On walkabout in life and technology

Reviews Should Advise

Matt “Legend” Gemmell, writing in Opinions in Journalism summarizes and continues recent internet discussions on how Tech Journalism has become too bland, impartial and hedged:

...as readers, we’re often looking for insight to help with a buying decision, rather than raw information.

As Ben Brooks sees it in Family Apple (via Hugh Sissling):

More surprising is that no one asked me which phone or computer to get — they just wanted to know which iPad to get and if they should wait for the next iPad.

Not one product review I have seen has been honest enough to say that the reader should stop wasting their time reading this \ review and just get an iPad.

If our family members know, so should the press.

Textmate 2 Tips

For those of you who, like me, have already switched to Textmate 2 alpha as a daily programmer’s editor, check out Textmate 2 Tips on tumblr. Lots of useful tips there.

Its just so nice to have Textmate being updated again. Already added the RailsCasts theme, SCSS and Marked bundles manually, and still getting used to the new File Browser.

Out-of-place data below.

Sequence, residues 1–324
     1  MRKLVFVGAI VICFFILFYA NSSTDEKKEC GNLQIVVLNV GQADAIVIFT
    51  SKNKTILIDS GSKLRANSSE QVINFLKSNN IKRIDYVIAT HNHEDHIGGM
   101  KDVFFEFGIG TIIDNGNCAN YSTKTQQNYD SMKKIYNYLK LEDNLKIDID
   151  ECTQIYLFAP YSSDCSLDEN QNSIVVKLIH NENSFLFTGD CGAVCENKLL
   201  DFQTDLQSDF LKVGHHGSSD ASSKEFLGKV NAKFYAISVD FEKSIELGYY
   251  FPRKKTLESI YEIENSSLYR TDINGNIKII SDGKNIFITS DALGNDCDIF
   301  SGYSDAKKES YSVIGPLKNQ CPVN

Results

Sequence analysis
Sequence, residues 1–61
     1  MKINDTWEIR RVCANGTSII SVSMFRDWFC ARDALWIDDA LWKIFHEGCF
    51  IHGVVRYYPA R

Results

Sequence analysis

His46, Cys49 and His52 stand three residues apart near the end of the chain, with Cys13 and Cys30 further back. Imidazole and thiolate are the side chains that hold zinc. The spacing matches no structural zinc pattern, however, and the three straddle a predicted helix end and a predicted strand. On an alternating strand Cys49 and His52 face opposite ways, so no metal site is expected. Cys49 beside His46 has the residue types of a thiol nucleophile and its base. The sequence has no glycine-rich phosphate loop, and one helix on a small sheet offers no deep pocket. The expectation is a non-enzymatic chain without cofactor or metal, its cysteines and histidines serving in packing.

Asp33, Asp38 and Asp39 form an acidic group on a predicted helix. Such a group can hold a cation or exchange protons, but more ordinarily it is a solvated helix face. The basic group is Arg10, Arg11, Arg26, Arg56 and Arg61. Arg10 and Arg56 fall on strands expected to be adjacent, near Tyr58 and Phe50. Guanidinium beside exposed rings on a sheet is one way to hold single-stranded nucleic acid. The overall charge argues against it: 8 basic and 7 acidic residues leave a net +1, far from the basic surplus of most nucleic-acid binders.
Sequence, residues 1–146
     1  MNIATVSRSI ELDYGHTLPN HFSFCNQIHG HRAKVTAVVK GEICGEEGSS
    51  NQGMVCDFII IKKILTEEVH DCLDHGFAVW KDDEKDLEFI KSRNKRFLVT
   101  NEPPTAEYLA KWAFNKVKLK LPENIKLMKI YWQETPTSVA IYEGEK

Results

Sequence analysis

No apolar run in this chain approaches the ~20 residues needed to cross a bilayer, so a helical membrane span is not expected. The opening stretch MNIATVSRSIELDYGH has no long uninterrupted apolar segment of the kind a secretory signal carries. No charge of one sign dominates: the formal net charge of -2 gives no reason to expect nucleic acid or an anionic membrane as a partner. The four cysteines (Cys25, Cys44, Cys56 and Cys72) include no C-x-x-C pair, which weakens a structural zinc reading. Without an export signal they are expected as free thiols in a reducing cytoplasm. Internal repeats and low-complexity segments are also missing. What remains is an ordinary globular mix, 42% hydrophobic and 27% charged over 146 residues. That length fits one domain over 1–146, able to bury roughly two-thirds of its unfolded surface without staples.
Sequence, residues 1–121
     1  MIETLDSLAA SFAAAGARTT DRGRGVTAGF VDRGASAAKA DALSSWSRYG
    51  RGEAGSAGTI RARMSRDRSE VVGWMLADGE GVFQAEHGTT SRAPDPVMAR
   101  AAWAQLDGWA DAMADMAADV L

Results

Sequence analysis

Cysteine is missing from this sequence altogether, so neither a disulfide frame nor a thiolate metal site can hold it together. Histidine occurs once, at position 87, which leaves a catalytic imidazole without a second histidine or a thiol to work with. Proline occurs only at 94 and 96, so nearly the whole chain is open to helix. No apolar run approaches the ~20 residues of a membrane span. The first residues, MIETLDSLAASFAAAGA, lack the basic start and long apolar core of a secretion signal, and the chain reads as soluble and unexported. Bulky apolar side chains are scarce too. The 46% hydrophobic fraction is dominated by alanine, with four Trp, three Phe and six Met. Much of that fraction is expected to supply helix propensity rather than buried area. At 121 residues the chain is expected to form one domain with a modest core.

Is America Giving Up on the Future?

Umair Haque, writing in the Harvard Business Review in Is America Giving Up on the Future? writes:

That the wealth of a nation isn't merely the sum of its tradable riches; that a thriving marketplace isn't a big box store; that industrial output matters less than human outcomes; that work that matters yields accomplishments that endure; that Goldman Sachs probably shouldn't be as profitable as Apple, because builders should earn more than shufflers; that the worth of an enduring achievement is denominated in more than mere profit; that how we feel about our lives is worth more than how enviably glamorous they look; that tomorrow matters more — not less — than today.


"You probably can't Farmville your way into the future."

Comments on the article are interesting too.

Programming Polytheism

One of the worst things a programmer can be is a monotheist, a single language and platform developer. Whether you are a corporate programming drone, or a hot-shot indie, you should be a software polytheist.

It all starts with recruiters and job ads. “Looking for a C# programmer with 5 years experience”, “Looking for a Java back-end developer who understands spring and hibernate”, “Looking for a COBOL programmer to keep our ancient accounting system running”. These are jobs requiring a single skill, for a single project for a single line of business. Don’t take them. The employer will lock you in to that skill and project, you’ll start by having fun in development and end up spending a career bored and unappreciated in maintenance. And when the product dies, so does your career.